Photographing Beautiful Grand Canyon Pictures: Avoid the Crowds

How to Photograph Parks, Museums, and Tourist Sites - Without the Tourists

by Kerry Drager

Sunrise, Grand Canyon National Park, Arizona.
Sunrise, Grand Canyon National Park, Arizona.
© Manjesh Lingamurthy
All Rights Reserved

Photographing Beautiful Grand Canyon Pictures Without a Lot of People

Many photographs benefit from a human presence. But in tourist areas and other popular places - from Grand Cayman Island to the Grand Canyon - too many people can create a "busy" picture with too many things vying for the viewer's attention.

Sure, you can zap out unwanted tourists from your scene in Photoshop. Still, there's nothing like saving time in the digital darkroom by doing it right in the first place ... during the actual act of shooting! Here are some avoid-the-crowds tips and tricks:

Arrive early: For outdoor scenes, dawn offers fantastic light and few people. Otherwise, beat the rush by arriving as soon as the doors open at museums, historic sites, festivals, special events, etc.

Marina Sunrise Reflection 2b
Marina Sunrise Reflection 2b
© Kerry Drager
All Rights Reserved

Practice Patience When Photographing Beautiful Grand Canyon Pictures

Whether you're photographing beautiful Grand Canyon pictures or the Metropolitan Museum of Art, you may want to wait for those "intruders" to leave the scene. Of course, this doesn't always work ... for instance, when you become the photographic "victim" of a never-ending stream of humanity.

Use a close-up foreground: With your wide-angle lens, try framing your distant scene with a strong foreground object. This involves moving in reeeally tight on a subject. How close? Say, within an arm's length of the nearest point. This technique helps you to spotlight a distant subject and produce a nice three-dimensional-like effect, while also blocking out background bystanders.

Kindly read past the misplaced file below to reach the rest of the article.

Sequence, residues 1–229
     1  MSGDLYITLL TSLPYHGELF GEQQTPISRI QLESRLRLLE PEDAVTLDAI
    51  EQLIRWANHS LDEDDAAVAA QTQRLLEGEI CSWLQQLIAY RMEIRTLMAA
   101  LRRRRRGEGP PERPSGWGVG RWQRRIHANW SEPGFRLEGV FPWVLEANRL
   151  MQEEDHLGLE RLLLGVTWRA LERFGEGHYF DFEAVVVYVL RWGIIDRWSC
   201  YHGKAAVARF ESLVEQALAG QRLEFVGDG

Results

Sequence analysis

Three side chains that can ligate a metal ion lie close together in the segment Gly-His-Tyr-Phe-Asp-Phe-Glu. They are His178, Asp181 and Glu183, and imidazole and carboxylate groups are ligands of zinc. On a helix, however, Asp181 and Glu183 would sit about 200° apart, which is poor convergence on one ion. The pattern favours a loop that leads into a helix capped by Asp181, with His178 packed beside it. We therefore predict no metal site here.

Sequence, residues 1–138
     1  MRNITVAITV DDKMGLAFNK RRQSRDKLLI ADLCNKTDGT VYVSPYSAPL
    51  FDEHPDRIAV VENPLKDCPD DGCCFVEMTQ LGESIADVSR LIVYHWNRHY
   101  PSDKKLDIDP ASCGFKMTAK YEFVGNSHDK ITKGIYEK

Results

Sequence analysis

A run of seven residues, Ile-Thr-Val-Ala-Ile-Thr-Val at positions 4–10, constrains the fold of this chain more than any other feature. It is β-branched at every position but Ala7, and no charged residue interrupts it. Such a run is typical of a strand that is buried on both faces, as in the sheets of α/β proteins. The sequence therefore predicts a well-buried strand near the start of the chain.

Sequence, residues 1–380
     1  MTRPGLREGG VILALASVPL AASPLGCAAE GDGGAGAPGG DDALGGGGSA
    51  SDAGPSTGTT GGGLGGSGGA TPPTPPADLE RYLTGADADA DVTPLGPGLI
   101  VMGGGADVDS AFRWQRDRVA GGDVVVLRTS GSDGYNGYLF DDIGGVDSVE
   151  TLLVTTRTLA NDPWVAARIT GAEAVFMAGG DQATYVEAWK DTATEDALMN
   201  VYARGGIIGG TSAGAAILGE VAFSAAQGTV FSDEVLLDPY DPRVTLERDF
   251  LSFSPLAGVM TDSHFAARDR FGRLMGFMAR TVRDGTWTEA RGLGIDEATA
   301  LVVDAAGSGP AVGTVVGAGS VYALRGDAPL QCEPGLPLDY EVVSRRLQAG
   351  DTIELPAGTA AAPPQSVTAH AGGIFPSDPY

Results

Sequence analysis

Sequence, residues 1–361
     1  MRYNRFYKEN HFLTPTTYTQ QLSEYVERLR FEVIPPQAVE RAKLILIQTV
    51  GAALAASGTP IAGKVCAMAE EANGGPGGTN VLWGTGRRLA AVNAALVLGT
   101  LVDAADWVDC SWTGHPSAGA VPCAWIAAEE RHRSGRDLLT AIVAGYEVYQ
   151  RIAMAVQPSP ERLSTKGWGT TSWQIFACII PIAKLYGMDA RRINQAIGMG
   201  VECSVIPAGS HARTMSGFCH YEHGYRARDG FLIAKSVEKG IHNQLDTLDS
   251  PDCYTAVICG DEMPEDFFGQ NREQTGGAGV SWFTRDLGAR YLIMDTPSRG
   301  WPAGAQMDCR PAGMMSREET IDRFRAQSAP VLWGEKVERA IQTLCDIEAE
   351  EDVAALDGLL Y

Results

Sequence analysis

Blur out passersby! Turn them into ghostly figures ... or perhaps make them "disappear" entirely! Do it with a verrry slow shutter speed - via any, or all, of the following: low light, low ISO, subjects moving (not standing), a tripod (or other sturdy support), and small aperture (high f/stop number).


Blue Rolls 2a
Blue Rolls 2a
© Kerry Drager
All Rights Reserved
When all else fails, either give up and incorporate those people into your composition, or switch your attention to small scenes and fine details!

Photo Examples

Abandoned Gas Station: I used a battered-but-colorful sign as a close-up foreground subject ... for two very good reasons: 1) as a creative effect (to combine a nearby detail and a distant scene into a single image with lots of depth); and 2) as a practical matter (to "hide" background visitors at this ghost-town attraction).

Marina Sunrise: Dawn brought dynamic colors and clouds, plus this additional benefit: It was too early for pleasure boats to be out, about, and "ruining" my reflection at this usually hectic coastal harbor.


Skiers in Cascades
Skiers in Cascades
© Kerry Drager
All Rights Reserved
Blue Rolls: At a car show, I moved in tight for a close-up ... in order to get a nice angle on this grand old car and to keep all the bystanders out of my composition.

Skiers in Cascades: In this case, I wanted a person or two in my composition - for visual interest and for its storytelling aspect. But, with the cold and overcast conditions, I had to wait well over an hour before skiers finally arrived in my scene ... now that is an example of practicing patience!



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Article by Kerry Drager. To learn more about photography, explore the many online photography and Photoshop classes offered here at BetterPhoto.com.